They were soon followed by a group of wealthy doctors, who Kenyon said realized the wine-making potential of the area, and established its first vineyards.
The artistic youngsters and the vineyard owners developed partnerships, Kenyon said, co-developing their community to "offer a really exciting experience."
Today, Margaret River attracts two million visitors a year, he said — people drawn to the cultural hub of artisans, culinary experts and wine connoisseurs.
Famous niche artists live there now, he said, including cabinet designer JahRoc, which sells $35,000 custom dining room suites, and violin maker Scott Wise, whose clients wait 18 months for his service...
Argh! Really? the goal is to become a community for rip-off cabinet makers who service the upper class robber barons???

Let me make this very clear: rural and small communities don't need your stinking advice. It's experts such as these that recommended that what was needed was industrial agriculture -- as Earl Butz said in the 1970s, "get big or get out" -- and the result is that you can't buy a vegetable or a fruit in a grocery store that has any taste or nutrition, that isn't soaked in oil and chemicals, and hasn't come into existence by destroying the land from which it has been untimely ripped. And now a new generation of "experts" want to deliver the coup de grace and turn small and rual communities into mini-cities with trees, filled with upper-middle-class refugees from the city.

 I say no. Patrick Overton, in his inspiring book Rebuilding the Front Porch of America, writes powerfully about what he calls "rural genius."
"We need to realize the deep hunger people have to become 'makers' again. We have become a nation of consumers, a people defined by the consumption of things made by others. As a result, we have littl erelationship between the things we use/consume and the people who make them. This has created a market-place, commodity-based society. We have also lost our contact with the earth and the environment around us. Someone else does the farming, the growing. We have become disconnected from the agricultural tradition that historically defined many of our rural and small communities. Some believe this is one of the reasons we are facing the current ecological crisis. When we moved from an agrarian society to an industrial age, we set in motion an alienation from that which has provided sustenance and meaning for centuries -- the land. We are now beginning to experience the full impact of this loss of relationship with our environment. People are beginning to realize they miss growing things, they miss making things.
 I have lost interest in trying to change our national culture. I am disconnecting from it as much as possible, and planning to move to a town with a population of 357 where people still have a connection to the land, still know how to make things and not just buy them, still know each other. And while I am moving from a larger town of 75,000 or so, and have a doctorate, I do not come with the attitude that I am coming to show them how to do things "right," but rather to relearn how to do things more organically. And while I am there, and while I am working with other small communities through CRADLE, I will continue to promote the importance of "rural genius" as an alternative to our abysmal national culture.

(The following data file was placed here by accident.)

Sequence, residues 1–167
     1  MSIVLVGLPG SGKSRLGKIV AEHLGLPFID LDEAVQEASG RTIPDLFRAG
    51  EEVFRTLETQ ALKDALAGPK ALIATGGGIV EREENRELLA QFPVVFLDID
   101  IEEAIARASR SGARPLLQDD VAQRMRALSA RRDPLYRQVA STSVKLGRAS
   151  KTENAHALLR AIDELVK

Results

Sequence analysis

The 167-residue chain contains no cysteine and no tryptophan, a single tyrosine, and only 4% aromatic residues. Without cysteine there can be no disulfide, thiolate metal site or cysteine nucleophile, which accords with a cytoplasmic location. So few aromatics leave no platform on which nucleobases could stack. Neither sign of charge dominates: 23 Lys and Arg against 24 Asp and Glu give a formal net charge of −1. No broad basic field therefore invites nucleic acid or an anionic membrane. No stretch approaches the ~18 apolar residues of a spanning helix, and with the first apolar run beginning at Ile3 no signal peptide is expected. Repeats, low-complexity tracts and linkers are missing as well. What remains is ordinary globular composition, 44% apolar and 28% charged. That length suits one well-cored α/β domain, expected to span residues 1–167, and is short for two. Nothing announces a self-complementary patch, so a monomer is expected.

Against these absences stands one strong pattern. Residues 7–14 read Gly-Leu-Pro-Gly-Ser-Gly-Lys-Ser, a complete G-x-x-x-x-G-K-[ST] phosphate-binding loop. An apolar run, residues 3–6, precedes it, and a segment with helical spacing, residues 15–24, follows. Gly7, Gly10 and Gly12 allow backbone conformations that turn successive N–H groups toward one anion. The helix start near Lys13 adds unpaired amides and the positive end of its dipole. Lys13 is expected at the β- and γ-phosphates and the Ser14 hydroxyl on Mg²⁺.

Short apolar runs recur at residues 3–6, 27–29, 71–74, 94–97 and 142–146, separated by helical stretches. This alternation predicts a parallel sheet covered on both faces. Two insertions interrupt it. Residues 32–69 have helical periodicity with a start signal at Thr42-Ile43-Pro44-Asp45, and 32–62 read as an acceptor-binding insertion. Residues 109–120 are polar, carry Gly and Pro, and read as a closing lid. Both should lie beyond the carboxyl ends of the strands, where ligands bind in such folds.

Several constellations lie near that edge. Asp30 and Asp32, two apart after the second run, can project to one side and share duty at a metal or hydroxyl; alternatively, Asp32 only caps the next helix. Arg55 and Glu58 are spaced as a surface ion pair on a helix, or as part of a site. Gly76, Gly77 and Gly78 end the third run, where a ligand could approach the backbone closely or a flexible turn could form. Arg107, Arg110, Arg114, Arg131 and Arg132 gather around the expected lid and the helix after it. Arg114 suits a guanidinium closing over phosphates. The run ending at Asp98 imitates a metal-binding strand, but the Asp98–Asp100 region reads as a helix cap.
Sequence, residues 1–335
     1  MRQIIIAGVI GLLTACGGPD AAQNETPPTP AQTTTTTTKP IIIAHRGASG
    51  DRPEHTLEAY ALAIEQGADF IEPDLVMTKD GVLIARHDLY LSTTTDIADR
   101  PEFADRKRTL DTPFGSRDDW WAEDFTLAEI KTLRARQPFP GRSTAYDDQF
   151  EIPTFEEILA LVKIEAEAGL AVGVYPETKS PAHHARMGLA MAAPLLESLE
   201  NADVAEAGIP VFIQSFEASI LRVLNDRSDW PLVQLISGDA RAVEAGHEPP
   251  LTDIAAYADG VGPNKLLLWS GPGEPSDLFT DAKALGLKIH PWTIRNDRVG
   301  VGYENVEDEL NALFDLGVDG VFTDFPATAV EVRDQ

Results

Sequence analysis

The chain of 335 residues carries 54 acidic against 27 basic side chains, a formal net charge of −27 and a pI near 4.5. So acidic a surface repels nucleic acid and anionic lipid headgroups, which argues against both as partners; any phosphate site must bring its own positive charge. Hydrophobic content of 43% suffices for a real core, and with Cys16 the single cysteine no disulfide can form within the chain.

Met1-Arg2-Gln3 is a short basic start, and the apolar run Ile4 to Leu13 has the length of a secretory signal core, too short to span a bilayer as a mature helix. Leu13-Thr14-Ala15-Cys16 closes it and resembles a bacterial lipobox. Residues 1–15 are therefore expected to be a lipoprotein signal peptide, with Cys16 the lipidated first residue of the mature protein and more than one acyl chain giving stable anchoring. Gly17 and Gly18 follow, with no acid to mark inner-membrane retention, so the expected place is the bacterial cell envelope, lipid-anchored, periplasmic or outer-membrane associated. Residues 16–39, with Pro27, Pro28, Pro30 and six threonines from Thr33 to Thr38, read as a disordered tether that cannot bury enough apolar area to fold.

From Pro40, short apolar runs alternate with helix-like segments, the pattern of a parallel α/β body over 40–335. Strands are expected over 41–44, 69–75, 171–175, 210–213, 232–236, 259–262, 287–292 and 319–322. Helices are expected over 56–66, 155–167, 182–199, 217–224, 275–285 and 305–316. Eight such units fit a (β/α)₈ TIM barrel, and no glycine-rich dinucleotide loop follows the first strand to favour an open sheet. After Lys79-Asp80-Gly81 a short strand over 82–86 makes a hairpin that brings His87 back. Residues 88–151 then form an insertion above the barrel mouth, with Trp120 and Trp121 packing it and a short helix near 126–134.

Tom, I feel you, my friend, but I can't just wait to be pulled down by the undertow. I'm swimming for shore.


Tony Adams said...

So what about people who grew up in rural areas and had to move to get a job. Should they not be able to move back if they can take their jobs with them?

Scott Walters said...

Of course, Tony. The point is that bringing urban attitudes to rural areas is not the answer. That there really is a difference, and rural values and approaches to life are valuable and don't need to be colonized by the urban.

Trisha Mead said...


I couldn't agree more about how patronizing Richard Florida's assumption is that creative values and creative class jobs will need to be planted in rural communities like some gentrification project.

And I also deeply agree that there is a rising movement towards becoming makers again, at all levels.

But I would argue that that return to creative, do it yourself values is happening at both the rural and urban levels. And that the flight to the cities that characterized the 20th century was a structural need, one that has largely been eliminated by the ubiquity of the internet.

So I suspect that there will be a process of city dwellers re-ruralizing as they realize they can have a rural quality of life and still have access to the education, people and culture that drew them to the city.

But there will also (hopefully!) be less incentive for those born and raised in rural environments to leave to seek jobs, as Tony suggests. When geography is no longer a barrier to economics, why couldn't a rancher's son make his living as a programmer or graphic designer while still raising his kids near their grandparents?

The curious facet of this trend from the theatermaker's point of view is that theater is still a fundamentally geography bound activity. It needs enough real people, in a real place, to pay money to experience it in order for theater artists to earn the paltry living they make now. Theaters NEED urbanity. Don't they? Or do you envision a rural model for the theater that can capitalize on the small and stretched out populations and make it a feature, rather than a challenge?